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Cooking up a storm


Camp cooks keep hungry kids fed all summer long



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WILL HOSKEN and Kezia McShane do the cooking at Camp Birch Hill. Courtesy Photo. (click for larger version)
August 27, 2014
NEW DURHAM — Years ago, when Patrice Mitchell was looking for a summer job, a friend asked if she'd be interested in cooking for a summer camp. "I thought, how hard could it be?" Mitchell said. "If you could cook hamburgers for a family of four, you'd just multiply that for what you needed. Well, then I found out how hard it can be."

She stuck with that job at a camp in Gorham for 12 years. Two years ago, she pulled out her chef's hat again to spend 12 hours a day, seven days a week, three meals a day in the kitchen at Lions' Camp Pride on Merrymeeting Lake. The camp has a 10-week season that includes a two-week session for children with diabetes.

"Sometimes all I can smell when I go home is chop suey, because I've just cooked enough of it to feed 200 people," she said. Miller does all the meal planning and ordering, and adds that she also receives deliveries, although she "has help" with that. The smallest group she cooks for is about 40 and the largest, 200.

"We have a lot of specialized diets, such as dairy or gluten free foods," she said, which keeps her on her toes.

Scale figures into camp cooking. The first order of the summer includes 40 pounds each of turkey and ham for sandwiches and 30 dozen eggs. Baby carrots come in 25-pound bags. The scope is beyond those of us who throw the occasional dinner party.

Chrissy Morell, operations manager of Camp Birch Hill in New Durham, explained, "People buy apples by the pound, camps order them by the crate." She also cited 40 "of the big boxes" of pancake mix arriving at the beginning of the season.

Not only amounts, but time also expands for a camp cook. "It was a big revelation just how much time it takes to move food around," Mitchell said. Items for 200 people come in huge boxes and it takes longer than you might think to get the food oven ready before even starting to figure the cook time. "You have to consider how long it takes to get those boxes to the counter, open them, then open the bags, and get all of the items onto trays and into the oven," she said. Meanwhile, there are 200 hungry kids lining up at the door.

Math figures into all of this, too. Morell said that guidelines on food packaging indicate adult servings, but the campers are smaller. "It says 60 servings on the chicken bag, but that equation wouldn't work for us, as a small child eats less. That's why it's important for our cooks to have a good feel for the ordering process."

Planning, ordering, and cooking duties for the 175 campers and staff at Camp Birch Hill are shared by Will Hosken and Kezia McShane, who weren't thrown into the frying pan quite as quickly as Mitchell. They began as counselors, and once they made their interest known about cooking, they bused tables and washed dishes. Parents with backgrounds in the food industry who cooked at the camp, and guest chefs mentored Hosken and McShane for two years, allowing greater and greater responsibility until this year when they became the head chefs.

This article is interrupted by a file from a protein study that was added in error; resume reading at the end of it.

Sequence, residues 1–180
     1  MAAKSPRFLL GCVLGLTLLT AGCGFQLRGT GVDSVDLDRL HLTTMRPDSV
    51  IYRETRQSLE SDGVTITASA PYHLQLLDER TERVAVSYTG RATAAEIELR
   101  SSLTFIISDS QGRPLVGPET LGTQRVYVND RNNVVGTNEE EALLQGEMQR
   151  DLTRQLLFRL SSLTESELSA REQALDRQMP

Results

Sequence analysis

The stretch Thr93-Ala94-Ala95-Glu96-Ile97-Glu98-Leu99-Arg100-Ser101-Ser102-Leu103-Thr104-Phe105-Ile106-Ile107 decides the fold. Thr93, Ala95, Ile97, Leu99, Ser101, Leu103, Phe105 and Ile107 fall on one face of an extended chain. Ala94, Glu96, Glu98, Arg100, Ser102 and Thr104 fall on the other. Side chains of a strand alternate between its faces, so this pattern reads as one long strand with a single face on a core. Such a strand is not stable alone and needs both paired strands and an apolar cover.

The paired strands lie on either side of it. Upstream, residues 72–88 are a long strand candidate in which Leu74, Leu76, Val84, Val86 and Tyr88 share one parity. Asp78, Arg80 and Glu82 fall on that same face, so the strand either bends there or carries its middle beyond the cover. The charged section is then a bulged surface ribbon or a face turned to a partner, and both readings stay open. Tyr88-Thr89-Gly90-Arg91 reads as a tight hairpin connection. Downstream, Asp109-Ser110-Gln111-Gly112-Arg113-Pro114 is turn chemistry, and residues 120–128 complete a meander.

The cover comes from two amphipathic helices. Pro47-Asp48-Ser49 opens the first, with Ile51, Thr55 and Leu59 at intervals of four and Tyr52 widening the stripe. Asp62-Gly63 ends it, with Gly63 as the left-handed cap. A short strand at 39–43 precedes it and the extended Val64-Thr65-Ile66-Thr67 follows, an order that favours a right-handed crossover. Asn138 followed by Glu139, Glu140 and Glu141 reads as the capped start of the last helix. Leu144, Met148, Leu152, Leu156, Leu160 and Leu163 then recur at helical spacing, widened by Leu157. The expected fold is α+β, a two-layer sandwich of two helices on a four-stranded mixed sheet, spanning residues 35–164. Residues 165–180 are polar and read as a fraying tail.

All cooks have helpers, of course, and they couldn't do what they do without them. "I have a wonderful crew," Mitchell said. And it does get hot with ovens baking away. "Industrial fans help," Morell said. "Plus they're in and out of the walk-in refrigerator which cools them down."

As one would expect, the atmosphere when cooking vacillates between moderate frenzy and calm. Mitchell reports that food preparation time is unruffled, but as the hour to serve approaches, "it gets a little stressful."

In a pinch, family members can step in to help. Morell, who has filled in, reported cooking for that many people is "extremely difficult to do." She called it a labor of love. "If someone is choosing to go down this path, they have to love the camp they're working for, because it's a lot of work."

Since it is such a demanding job, cooks are well taken care of. In terms of staff, Morell ranks those in the kitchen right at the top, on the same level as nurse and camp director.

It's summer camp, after all, so there are hot dogs and hamburgers, tacos, fajitas, Chinese food. And cooks mix it all up, to keep things fun, but there's still a lot of traditional fare. Morell noted some interesting changes, though.

"When I was a kid, the pasta bar was the most popular, along with peanut butter and jelly. But now we often hear, 'Oh, green beans'" As nutrition movements creep into the culture, young people's tastes keep pace. "Campers have come around to vegetables and salads," Morell said. "We replenish fresh fruit continually; it's huge."

And after a full day of cooking for others? "Oh, I don't cook when I go home," Mitchell is quick to point out. "I bring back a plate of food." And once the summer ends and it's time to start cooking for herself, she finds it easy to downscale. Smaller pots and what must seem like tiny quantities of food don't throw her a bit.

As the massive pans are scrubbed for the last time and the shelves are emptied until next summer, the cooks often go on to other food industry jobs that are, no doubt, far less challenging. But as the next camp season rolls around, they'll be back.

"Will and Kezia love interacting with the campers," Morell said.

"For me personally it comes down to the people I work with," Mitchell said, citing a fun, music-filled environment within the kitchen. "I love working with younger folks, and it's satisfying to know the campers are getting the right amount of food and the right food. This is not culinary arts," she added. "Rather, it's a people business."

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